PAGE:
From Wikipedia, the free encyclopedia
Jump to: navigation, search
Kvsc official logo 2009.png
City St. Cloud, Minnesota
Branding KVSC 88.1FM
Slogan Your Sound Alternative
Frequency 88.1 MHz (also on HD Radio)
HD-2: KVEX simulcast
HD-3 and 4: Talk programming
Format College; Freeform/Eclectic
ERP 16,500 watts
HAAT 136 m (446 ft)
Class C2
Callsign meaning The Voice of St. Cloud
Owner St. Cloud State University
Sister stations KVEX-LP
Webcast Listen Live
Website kvsc.org

KVSC 88.1 FM in Saint Cloud, Minnesota is part of Minnesota's Independent Public Radio network. It is operated by St. Cloud State University and broadcasts a freeform radio format. KVSC-FM is a non-commercial educational public broadcasting radio station that is a student-run college radio station and operates 365 days per year, nearly 24 hours a day.[1]


KVSC-FM has a power of 16,500 watts with a listening radius of about 70 miles. The station's frequency is 88.1 MHz, "farthest left on your FM dial." Its transmitter is located near Highway 15 and Interstate 94 south of St. Cloud proper.[2]


KVSC-FM offers a blend of progressive rock, jazz, folk, reggae, world, blues, Minnesota music, and much more. KVSC has a wide variety of news programming which includes coverage of university, local & statewide events, and live broadcasts of St. Cloud State University sporting events.[1] The station carries an HD-subchannel, KVSC 88.1-2 that rebroadcasts sister station Radio X. It also has another subchannel, 88.1-4 that carries talk programming.


KVSC first began operations as a 10 watt, Class D broadcast facility on May 10, 1967, broadcasting at 88.5 megahertz. For ten years prior to this, students interested in radio broadcasting had no live-air broadcasting opportunities. The students would pre-produce all their programming in the university studios, which would then be aired on WJON (AM1240) radio. This meant that all programs produced would have to fit in with WJON's format or they would not get on the air. It was soon decided that St. Cloud State University had a need for its own radio broadcast facility, and thus KVSC was developed.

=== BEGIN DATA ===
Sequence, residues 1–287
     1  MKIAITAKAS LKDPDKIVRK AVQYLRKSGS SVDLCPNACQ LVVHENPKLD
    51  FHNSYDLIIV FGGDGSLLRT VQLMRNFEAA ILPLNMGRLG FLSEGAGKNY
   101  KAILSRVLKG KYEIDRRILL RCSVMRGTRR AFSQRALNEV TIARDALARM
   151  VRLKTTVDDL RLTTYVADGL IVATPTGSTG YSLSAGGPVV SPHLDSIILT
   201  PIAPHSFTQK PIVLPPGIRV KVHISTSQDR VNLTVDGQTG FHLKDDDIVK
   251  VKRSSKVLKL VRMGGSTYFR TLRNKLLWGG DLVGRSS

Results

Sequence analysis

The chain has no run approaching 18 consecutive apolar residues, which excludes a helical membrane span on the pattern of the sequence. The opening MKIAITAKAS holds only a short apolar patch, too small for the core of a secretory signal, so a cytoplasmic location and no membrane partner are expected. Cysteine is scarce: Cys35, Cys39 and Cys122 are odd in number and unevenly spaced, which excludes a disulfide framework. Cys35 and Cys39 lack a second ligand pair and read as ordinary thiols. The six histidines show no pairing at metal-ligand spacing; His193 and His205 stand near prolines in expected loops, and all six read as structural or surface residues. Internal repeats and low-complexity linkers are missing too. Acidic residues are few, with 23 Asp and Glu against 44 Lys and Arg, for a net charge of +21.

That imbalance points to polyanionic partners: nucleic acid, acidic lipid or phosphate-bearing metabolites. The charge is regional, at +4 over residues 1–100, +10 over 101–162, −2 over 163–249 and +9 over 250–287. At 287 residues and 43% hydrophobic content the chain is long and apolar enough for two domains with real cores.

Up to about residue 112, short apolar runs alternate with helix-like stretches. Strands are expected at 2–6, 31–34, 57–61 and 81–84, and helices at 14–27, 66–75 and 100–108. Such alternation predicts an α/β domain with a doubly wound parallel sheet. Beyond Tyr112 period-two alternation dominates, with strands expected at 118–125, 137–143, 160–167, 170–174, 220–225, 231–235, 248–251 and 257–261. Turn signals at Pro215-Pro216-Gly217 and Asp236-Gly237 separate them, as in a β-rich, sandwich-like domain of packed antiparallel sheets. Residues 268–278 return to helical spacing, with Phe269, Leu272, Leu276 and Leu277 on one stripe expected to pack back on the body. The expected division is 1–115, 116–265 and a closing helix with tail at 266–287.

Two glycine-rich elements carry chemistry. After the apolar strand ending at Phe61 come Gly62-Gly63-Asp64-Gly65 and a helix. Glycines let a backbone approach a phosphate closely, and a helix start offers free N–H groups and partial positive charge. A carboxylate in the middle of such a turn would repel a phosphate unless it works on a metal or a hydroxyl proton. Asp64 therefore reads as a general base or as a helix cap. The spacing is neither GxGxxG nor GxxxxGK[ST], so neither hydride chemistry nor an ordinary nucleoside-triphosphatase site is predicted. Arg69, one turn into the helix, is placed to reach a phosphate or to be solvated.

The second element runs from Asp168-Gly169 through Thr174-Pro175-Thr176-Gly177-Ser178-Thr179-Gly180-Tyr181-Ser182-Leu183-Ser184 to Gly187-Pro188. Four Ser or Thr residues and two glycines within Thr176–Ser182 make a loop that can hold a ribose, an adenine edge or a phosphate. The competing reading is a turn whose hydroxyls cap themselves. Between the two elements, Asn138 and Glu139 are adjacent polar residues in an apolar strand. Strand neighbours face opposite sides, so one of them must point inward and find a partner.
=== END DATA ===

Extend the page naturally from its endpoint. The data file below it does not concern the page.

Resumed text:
The call letters were selected to signify that the station would serve as the Voice of Saint Cloud. The station was run exclusively by volunteers from the University student population and was financed by the student activity fees and the Mass Communications department. The music format was predominantly classical music, with a smaller percentage of folk and rock music sprinkled in. The overall operation was small and required minimal funding, outside of the need for equipment acquisition and repair.

In 1969, the Higher Education Coordination Board formed a subcommittee to organize and work with communications programs in Minnesota higher-education institutions. KVSC's adviser was instrumental in developing this committee. In 1972, the HECB subcommittee was disbanded in favor of a new organization. The Association of Minnesota Public and Educational Radio Stations (AMPERS), a non-profit corporation, was officially registered on July 26, 1977. It comprised the same member stations which had been involved in the HECB committee. KVSC is a charter member of AMPERS and two of its managers have served terms as president.